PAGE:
This was the Synod
The primary purpose of the synod on the Pastoral Challenges of the Family in the Context of Evangelisation or Synod 14 was in general to proclaim the Gospel of the Family as an integral part of the mission of the Church and in particular to consider how to respond to the widespread cultural, social and spiritual crisis which is posing a serious challenge to the Church’s work of enabling families to accept, live and pass on the Gospel of Jesus Christ to the next generation.
A secondary purpose was to reaffirm the Church’s teaching on marriage and the family as part of God’s plan revealed by him as a special relationship between a man and a woman, based of mutual love and self-giving and geared towards fruitfulness understood as the procreation and raising of children.
In the Catholic Church’s Code of Canon Law, a synod is described as a group of bishops selected from different parts of the world, who meet together at specified times to promote the close relationship between the Roman pontiff and the bishops.
These bishops, by their counsel, assist the Roman pontiff in the defence and development of faith and morals and in the preservation and strengthening of ecclesiastical discipline. They also consider questions concerning the mission of the Church in the world.
To understand Synod 14, it is necessary to see it against the frame of reference of its purpose, which was to identify, analyse and evaluate the challenges facing marriage and family at this time.
The theme was set out in three parts dealing with:
The Gospel of the Family which is God’s plan revealed to man and woman who have been married in Christ and called to live in accordance with the Scriptures and the teaching of the Church;
The problems and challenges in marriage which are calling for pastoral care;
Openness to life, understood as being committed to having children and raising them up according to the Gospel of the Family.
All of this was set out in the Instrumentum Laboris (working document) drawn up from the worldwide consultations carried out by local bishops’ conferences in response to the questionnaire authorised by Pope Francis and sent to as wide an audience as possible.
Following the solemn opening Mass in St Peter’s basilica on October 5 the synod began with the presentation of a summary of the working document and the clearer and more precise explanation of the theme and scope of work of the synod.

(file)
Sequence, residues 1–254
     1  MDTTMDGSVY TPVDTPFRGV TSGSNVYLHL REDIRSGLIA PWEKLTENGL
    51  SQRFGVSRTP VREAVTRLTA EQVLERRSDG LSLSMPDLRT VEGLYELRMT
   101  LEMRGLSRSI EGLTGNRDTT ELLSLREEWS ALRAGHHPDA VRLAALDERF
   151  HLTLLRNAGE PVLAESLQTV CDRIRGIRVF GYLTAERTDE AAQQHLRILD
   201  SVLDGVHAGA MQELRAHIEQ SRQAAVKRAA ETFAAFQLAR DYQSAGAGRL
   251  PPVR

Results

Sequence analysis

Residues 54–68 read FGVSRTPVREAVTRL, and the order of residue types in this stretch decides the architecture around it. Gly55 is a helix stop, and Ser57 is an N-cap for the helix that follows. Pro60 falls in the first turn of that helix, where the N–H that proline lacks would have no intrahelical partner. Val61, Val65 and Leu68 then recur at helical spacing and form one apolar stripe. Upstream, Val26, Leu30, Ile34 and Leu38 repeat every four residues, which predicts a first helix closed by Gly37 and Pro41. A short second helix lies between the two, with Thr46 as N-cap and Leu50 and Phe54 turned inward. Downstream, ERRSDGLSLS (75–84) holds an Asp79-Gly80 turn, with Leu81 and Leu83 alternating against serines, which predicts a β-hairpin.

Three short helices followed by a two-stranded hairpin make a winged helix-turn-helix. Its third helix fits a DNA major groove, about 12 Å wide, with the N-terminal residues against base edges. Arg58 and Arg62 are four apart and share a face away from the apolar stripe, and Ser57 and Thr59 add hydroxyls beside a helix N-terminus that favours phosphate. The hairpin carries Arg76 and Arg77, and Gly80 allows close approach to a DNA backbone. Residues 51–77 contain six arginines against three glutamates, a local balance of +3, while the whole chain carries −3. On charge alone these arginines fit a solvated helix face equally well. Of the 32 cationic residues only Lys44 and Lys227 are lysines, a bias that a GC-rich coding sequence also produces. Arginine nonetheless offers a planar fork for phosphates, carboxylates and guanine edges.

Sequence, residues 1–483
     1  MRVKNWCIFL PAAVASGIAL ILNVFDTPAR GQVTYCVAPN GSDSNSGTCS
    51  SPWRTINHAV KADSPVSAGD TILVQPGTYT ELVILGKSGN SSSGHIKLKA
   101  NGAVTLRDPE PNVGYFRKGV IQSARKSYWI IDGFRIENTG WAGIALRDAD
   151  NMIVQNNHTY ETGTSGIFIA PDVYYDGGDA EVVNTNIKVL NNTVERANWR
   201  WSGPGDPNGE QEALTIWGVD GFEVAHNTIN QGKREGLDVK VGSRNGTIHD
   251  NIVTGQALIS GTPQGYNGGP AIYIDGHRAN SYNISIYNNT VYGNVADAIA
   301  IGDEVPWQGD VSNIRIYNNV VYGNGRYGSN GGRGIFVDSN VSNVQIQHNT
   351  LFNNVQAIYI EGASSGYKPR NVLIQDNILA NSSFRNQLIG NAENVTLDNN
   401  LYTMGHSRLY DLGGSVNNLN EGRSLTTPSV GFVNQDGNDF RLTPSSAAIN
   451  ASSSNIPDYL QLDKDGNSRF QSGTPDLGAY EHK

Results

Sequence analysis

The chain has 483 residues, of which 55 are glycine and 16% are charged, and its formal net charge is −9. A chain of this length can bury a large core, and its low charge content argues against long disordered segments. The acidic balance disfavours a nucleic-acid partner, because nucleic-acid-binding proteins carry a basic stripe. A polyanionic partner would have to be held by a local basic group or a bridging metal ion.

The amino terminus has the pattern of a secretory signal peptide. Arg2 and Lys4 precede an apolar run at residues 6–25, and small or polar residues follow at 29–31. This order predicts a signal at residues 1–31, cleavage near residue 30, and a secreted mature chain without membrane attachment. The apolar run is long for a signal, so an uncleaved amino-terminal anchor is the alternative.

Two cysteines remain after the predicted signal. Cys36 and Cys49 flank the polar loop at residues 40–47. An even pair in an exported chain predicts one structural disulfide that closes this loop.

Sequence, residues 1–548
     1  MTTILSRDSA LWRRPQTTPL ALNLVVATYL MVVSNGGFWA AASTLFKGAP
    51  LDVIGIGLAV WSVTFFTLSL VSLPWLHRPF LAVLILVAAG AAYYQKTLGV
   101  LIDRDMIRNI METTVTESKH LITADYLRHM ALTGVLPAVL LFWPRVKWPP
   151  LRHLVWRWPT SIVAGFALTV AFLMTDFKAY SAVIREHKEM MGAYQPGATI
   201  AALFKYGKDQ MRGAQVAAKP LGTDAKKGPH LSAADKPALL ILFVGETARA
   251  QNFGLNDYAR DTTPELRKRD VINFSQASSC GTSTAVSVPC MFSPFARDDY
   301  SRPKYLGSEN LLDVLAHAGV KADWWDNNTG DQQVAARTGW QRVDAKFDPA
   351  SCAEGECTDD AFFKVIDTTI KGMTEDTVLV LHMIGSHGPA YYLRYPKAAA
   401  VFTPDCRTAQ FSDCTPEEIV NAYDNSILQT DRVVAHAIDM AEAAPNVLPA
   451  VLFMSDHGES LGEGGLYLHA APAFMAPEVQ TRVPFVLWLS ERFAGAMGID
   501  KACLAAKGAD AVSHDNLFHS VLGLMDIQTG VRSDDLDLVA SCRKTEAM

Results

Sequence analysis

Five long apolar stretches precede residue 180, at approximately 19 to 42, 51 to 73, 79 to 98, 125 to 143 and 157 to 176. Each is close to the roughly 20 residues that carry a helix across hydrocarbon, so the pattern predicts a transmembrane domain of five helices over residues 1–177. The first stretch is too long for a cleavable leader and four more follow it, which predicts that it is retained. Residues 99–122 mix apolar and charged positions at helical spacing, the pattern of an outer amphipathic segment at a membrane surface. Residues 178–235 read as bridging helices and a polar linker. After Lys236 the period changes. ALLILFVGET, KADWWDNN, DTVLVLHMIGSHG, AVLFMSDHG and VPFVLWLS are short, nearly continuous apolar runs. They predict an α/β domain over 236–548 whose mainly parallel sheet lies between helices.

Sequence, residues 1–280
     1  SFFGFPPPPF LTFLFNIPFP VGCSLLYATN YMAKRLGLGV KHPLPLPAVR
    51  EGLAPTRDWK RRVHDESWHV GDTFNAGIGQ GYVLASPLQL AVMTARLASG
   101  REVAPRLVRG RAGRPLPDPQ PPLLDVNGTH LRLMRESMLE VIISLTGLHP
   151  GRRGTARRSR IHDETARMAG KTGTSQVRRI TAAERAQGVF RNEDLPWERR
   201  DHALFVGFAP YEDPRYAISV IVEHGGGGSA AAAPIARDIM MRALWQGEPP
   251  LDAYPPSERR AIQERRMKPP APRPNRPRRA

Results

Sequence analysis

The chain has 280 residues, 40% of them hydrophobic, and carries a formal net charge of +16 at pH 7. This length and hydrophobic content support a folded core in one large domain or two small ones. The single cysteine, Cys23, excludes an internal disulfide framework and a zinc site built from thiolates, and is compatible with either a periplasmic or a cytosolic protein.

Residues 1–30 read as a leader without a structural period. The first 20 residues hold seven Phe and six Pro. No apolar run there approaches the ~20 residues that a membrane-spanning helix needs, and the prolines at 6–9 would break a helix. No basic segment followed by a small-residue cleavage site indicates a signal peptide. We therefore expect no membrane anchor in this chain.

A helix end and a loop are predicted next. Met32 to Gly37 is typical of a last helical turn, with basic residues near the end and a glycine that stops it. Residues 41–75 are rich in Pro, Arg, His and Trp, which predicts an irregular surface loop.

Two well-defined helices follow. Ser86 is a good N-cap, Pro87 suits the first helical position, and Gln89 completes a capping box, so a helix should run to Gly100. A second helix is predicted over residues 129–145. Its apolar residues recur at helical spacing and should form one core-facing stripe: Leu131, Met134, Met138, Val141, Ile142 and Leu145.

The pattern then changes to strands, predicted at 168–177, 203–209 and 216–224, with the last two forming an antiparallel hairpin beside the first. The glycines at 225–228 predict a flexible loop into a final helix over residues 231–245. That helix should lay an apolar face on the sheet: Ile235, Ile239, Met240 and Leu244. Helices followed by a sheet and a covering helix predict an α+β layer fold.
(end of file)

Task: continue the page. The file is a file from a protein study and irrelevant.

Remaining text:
This was followed by four days of presentations by synod members (bishops and men superiors general) lay observers (married couples and others), and ecumenical delegates.
At the end of the presentations a summary was drawn up and presented as the Relatio post Disceptationem (Report after the Debate). This second working paper was also studied, discussed, amended, redrafted and so on by the ten discussion groups into which the synod was divided to facilitate discussion in the language and theme of choice.
It is important to note that this was a report to the synod to set out more systematically what had been presented to it up to that point.
This second working document dubbed Mid-term Report by the media caused a veritable media firestorm with sensational headlines, announcing and explaining major changes to the Catholic Church’s position on phenomena such as cohabitation, divorce and remarriage, and homosexuality, in particular same sex unions.
Needless to say there was a shocked reaction by many synod members. The main reason for their shock was that the Mid-term Report had been presented to the media before they had received and studied it, and especially that the media had understood it to be a document that had already been accepted by the synod as its official response to the issues under discussion.
This was totally incorrect. In fact, is was not true! The synod members had not even seen what the media was declaring to be their document. They saw it for the first time that Monday morning shortly after it had been presented to the world at the media briefing!
The ten small groups spent three days working on the Mid-term Report, transforming it into the Report of the Synod (Relatio Synodi).
What emerged from the small groups was a very different document�different because the sensation-making statements had been expunged; different above all because its focus was more sharply on marriage and the family as key institutions in the Church and in society which today are being seriously challenged by modern trends.
The final report was drawn up by a committee of nine cardinals, bishops and priests appointed by Pope Francis. These worked under considerable pressure to bring together the many proposals to correct, amend or redraft sections of the document so that they would reflect the considered views of the synod, and not those of individual members.
The final stage of the synod was the voting on the document paragraph by paragraph. The resulting document would become the first working document to be discussed once again in the local Churches of the world in preparation for the next ordinary synod, to be held in October 2015.
The theme of that synod will be �The Vocation and Mission of the Family in the Contemporary Church and World�. It is envisaged that in the intervening year, the local Churches will concentrate particularly on how the Church at local and universal level will formulate practical ways and means of addressing the problems identified at Synod 14.
I thank God for a unique experience of what it means to be part of the Catholic Church in today�s world full of challenges.